The hunt for yield has led many investors to the doorsteps of mortgage REITs and business development companies, both of which are legally required to hand over 90% of their profits to shareholders in order to enjoy special tax status. With few exceptions, such as American Capital (NASDAQ:ACAS), these BDCs often pay out healthy dividends, providing double-digit yields similar to many mREITs.
But, the market madness that has ensued since the Federal Reserve's last meeting and Chair Ben Bernake's public comments has thrown cold water on the mREIT sector -- and given BDCs a bruising, too.
The current environment might make some investors wonder whether or not BDCs are still a good bet. Here are some things that these companies have been saying about how they plan to weather the current storm -- as well as future interest rate hikes.
Protection against higher interest rates
As lenders to companies on sometimes less-than-stable footing, BDCs certainly have some risk ingrained in their portfolios. But income-seeking investors have made the sector popular, and much like mREITs, the number of BDCs has exploded -- Reuters notes that just nine years ago, there were only four, compared with the 30 that exist today. Unlike mREITs, though, leverage is usually much lower, and many sport a debt to equity ratio of 1:1.
With higher interest rates in the air, some of these companies point out that they have taken steps to plan for just such an occurrence. Fifth Street Finance (NASDAQ:FSC), in its June newsletter, tells its investors that its portfolio stands to gain from an upswing in short-term rates, since the loans they make tend to be of the floating rate variety, and the company's borrowing costs are fixed.
Similarly, Prospect Capital (NASDAQ:PSEC) recently announced the next four months' worth of dividends, showcasing a yield of 12.7%. Further, management noted that its liabilities are locked in for the next 30 years, while its loans float with LIBOR, putting them in the catbird seat as far as rising interest rates are concerned.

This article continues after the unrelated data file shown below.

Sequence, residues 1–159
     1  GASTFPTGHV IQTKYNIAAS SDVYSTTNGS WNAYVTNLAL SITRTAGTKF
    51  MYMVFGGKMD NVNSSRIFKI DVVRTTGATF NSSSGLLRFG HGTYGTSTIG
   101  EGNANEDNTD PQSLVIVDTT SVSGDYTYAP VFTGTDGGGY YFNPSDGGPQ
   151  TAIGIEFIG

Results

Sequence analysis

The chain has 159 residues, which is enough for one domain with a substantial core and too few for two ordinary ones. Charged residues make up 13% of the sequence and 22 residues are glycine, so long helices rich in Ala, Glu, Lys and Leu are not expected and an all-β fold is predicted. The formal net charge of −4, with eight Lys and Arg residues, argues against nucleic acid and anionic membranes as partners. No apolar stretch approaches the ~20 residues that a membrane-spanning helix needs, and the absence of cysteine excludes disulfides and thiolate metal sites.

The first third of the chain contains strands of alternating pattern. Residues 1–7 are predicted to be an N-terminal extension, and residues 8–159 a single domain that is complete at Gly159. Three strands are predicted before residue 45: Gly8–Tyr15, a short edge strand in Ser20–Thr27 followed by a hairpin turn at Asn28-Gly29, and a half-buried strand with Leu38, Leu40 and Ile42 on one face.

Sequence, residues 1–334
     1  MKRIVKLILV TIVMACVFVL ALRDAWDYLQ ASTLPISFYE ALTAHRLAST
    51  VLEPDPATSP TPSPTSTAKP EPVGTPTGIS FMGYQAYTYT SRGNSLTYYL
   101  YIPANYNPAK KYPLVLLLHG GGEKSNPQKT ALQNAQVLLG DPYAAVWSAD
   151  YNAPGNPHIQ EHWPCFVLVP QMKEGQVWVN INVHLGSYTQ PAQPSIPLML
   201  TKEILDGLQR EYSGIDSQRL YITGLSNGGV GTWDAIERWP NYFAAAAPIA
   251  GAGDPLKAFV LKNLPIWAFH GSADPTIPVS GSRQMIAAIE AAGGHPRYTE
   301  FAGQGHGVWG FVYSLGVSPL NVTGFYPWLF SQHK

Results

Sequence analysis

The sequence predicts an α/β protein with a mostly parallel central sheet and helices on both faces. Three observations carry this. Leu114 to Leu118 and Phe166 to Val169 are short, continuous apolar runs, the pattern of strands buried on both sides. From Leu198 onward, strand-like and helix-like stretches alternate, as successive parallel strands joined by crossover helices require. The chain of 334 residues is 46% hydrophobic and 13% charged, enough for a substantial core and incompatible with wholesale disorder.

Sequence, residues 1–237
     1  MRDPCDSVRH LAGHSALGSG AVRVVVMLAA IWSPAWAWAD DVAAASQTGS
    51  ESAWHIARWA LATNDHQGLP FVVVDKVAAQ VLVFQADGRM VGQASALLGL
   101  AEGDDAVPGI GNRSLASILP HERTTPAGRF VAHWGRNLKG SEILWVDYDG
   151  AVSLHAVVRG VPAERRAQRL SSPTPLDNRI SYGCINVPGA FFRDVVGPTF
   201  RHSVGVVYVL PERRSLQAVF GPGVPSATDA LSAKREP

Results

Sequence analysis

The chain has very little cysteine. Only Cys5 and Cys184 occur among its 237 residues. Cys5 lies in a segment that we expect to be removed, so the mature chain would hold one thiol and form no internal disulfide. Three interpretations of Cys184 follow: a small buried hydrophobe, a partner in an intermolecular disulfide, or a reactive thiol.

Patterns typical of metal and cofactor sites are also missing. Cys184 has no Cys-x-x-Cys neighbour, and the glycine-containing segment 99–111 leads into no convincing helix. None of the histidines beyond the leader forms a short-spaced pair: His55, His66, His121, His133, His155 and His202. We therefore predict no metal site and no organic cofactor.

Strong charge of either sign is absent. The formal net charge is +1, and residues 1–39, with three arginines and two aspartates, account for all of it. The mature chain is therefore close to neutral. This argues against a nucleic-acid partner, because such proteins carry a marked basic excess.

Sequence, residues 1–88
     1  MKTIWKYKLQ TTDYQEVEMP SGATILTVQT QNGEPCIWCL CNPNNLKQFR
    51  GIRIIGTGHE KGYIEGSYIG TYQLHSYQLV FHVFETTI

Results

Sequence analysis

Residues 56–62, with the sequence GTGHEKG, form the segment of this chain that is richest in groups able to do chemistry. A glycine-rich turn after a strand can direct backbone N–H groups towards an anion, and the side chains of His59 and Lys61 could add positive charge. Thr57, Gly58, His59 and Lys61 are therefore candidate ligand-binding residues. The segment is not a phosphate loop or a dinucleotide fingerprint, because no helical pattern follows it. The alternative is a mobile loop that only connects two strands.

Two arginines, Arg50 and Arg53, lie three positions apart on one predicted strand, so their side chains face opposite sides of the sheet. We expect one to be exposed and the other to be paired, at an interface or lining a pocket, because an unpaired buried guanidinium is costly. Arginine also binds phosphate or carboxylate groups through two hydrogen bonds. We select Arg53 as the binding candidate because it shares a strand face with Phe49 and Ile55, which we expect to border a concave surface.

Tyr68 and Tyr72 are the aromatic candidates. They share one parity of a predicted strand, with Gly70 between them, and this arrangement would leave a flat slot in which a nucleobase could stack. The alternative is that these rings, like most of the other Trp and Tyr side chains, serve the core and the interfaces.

And, what of American Capital, the BDC with no dividend? For its part, management plans to continue with its robust share buyback program, noting that it plans to take advantage of the lower stock price and outflow of investors by grabbing up some more shares. Last year, American Capital spent over $100 million in this manner, to good effect. Now that book value has fallen again, management sees a prime opportunity to bolster its drooping book value by purchasing more shares, rather than putting funds into new investments.
So far, this plan has gone a long way toward increasing the company's stability: CEO Malon Wilkus notes that American Capital, once debt-heavy, has paid down more than $6 billion in debt over the past five years. Though first-quarter earnings showed losses on earnings and revenue, book value increased 7%.
Interestingly, management sees competition among the 40-plus BDCs, by their count, now in existence as more of a threat than interest rate -- though American Capital's diverse business model should be able to help dilute risks in both areas.
Know the risks
Though each of these companies are taking the necessary steps to thrive throughout the QE3 taper and exit, the inherent risk in this particular business model might make some investors nervous. While Prospect Capital's recent presentation makes note of its tendency to gravitate toward more high-quality lending laden with lender protections, not all may be as discerning.
This past March, an analyst from Wells Fargo voiced two major concerns regarding the sector: higher leverage, and the increasing involvement in covenant light loans, with few or no safety clauses for lenders and investors. Knowing how a particular BDC runs its business can go a long way toward alleviating investor worries, especially during times of market upheaval.